WEST PALM BEACH, Fla. (AP) — A Florida judge has reluctantly delayed the trial of a woman accused of dressing as a clown and fatally shooting her lover’s wife more than 30 years ago after defense attorneys said they were having trouble contacting witnesses.
Sheila Keen-Warren’s trial was scheduled to begin on June 3. But on Tuesday, Palm Beach County Circuit Judge Scott Suskauer agreed to what could be a four-month delay, the Palm Beach Post reported.
Suskauer said he has already cleared his schedule, delaying other trials and hearings so he can preside over a three-week trial.
“Think of the impact this has on me. I have a duty to the public,” Suskauer told attorneys. “You also have the family of a victim who has long awaited justice.”
This is the sixth time the trial has been postponed.
It was May 1990 when Marlene Warren opened her door and was shot in the face by a clown delivering carnations and balloons to her home in Wellington, a suburb of West Palm Beach, court records show.
The former Sheila Keen, who was rumored to be having an affair with Marlene Warren’s husband Michael Warren, was considered a suspect, but the case against her seemed thin. Two nights before the murder, a woman showed up at a costume shop to tell salespeople she urgently needed a clown costume, orange wig, white gloves, red nose and enough white makeup to completely cover her face. One of the employees identified her in a photo, but the other employee wasn’t sure.
She later married Michael Warren and they were living in Virginia when investigators said DNA provided the evidence they needed to arrest her in 2017.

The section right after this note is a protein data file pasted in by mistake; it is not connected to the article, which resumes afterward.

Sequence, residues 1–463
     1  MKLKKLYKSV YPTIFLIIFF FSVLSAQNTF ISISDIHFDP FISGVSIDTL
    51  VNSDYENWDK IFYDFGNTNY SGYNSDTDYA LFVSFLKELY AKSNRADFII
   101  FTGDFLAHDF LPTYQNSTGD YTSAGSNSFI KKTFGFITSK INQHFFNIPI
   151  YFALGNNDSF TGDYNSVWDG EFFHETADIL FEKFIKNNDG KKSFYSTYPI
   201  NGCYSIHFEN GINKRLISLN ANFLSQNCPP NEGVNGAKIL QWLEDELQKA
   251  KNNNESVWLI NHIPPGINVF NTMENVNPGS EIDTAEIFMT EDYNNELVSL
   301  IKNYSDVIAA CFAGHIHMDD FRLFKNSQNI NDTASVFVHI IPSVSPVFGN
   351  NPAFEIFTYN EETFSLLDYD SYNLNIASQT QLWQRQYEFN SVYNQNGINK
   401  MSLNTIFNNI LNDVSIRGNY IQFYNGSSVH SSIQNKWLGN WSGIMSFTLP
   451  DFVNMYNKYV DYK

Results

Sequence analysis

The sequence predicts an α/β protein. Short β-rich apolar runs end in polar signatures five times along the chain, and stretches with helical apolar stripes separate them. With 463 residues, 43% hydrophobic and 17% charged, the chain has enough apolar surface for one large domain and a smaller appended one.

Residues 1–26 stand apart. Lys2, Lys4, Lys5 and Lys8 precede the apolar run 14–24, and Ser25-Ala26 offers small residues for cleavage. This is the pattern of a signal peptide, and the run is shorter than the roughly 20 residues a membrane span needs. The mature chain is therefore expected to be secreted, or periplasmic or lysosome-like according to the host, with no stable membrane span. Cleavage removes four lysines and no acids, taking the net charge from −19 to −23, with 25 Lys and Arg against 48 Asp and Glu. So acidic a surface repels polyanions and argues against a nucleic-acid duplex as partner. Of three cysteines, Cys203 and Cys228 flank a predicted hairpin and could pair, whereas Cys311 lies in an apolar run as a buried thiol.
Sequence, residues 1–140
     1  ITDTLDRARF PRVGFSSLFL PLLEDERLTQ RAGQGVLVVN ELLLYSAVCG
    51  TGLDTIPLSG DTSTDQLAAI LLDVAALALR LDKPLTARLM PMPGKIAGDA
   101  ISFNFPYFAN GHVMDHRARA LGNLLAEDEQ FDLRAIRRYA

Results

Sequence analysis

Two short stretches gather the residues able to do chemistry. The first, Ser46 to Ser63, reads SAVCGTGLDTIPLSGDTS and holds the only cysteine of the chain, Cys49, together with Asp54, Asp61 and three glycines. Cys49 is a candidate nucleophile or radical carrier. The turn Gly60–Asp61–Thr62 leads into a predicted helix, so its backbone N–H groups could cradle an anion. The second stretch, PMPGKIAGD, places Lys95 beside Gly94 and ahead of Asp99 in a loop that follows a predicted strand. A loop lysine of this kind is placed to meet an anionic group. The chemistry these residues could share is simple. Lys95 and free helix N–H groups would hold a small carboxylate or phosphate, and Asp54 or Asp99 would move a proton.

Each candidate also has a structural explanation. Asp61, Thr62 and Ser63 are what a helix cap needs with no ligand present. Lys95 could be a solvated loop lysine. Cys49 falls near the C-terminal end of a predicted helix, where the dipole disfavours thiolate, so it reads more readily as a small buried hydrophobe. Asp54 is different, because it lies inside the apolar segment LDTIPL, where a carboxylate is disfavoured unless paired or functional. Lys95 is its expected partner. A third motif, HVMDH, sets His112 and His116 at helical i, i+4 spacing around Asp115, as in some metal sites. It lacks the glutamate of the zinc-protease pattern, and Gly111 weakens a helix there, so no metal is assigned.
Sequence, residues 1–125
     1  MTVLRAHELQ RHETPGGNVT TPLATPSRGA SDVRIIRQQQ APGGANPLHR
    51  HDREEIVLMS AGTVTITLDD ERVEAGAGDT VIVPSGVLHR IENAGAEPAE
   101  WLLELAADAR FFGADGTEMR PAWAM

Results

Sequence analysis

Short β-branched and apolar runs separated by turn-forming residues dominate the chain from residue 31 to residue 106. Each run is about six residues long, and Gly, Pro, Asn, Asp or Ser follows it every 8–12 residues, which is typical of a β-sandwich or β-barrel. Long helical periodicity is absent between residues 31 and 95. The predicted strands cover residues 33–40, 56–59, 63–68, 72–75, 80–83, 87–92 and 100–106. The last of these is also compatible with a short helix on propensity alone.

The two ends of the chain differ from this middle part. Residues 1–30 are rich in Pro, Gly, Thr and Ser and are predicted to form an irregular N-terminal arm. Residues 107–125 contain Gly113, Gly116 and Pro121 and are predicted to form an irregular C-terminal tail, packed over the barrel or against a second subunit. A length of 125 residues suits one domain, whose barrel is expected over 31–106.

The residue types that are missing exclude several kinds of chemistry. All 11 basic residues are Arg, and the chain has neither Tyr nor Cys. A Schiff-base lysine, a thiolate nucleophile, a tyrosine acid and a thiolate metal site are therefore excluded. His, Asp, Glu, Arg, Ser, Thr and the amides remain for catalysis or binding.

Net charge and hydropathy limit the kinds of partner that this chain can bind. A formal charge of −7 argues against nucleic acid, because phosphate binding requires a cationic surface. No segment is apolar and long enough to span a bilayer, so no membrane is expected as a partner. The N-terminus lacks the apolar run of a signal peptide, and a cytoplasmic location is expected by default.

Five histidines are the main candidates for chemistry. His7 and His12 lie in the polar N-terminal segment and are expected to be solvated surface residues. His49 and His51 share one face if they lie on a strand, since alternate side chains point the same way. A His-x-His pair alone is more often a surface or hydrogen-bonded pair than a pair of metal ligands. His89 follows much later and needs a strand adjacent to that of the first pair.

Assistant State’s Attorney Reid Scott agreed the latest delay was unavoidable.
“I want this defendant to be fully prepared for his trial,” Scott said. “I don’t want to deal with appeal issues.”
The defense team – Richard Lubin, Greg Rosenfeld and Amy Morse – blamed Scott, writing that he failed to provide them with the names and addresses of key witnesses who are now scattered across the country.
The defense team also said they needed to see evidence, including hair fibers, two balloons, a Publix bag and car rental papers, which were not in an evidence locker at the sheriff’s office. Those items had been sent to forensics for further examination, they said.
“Usually a criminal prosecution is simple: the police investigate a crime, the police arrest a suspect, and the state prosecutes the suspect,” but this case was not handled that way, they wrote.
“After the arrest, the police and the state continued their investigation,” they wrote. “This reverse pursuit has hampered Ms. Keen-Warren’s ability to prepare for trial.”
Because so much time has passed since the murder, sworn depositions have been taken from some witnesses who cannot or will not appear.
“It’s a very difficult situation,” Lubin told the newspaper. “It is a long-standing event. The witnesses are between 60, 70 and 80 years old. Some of them are dead. Others are weakened.
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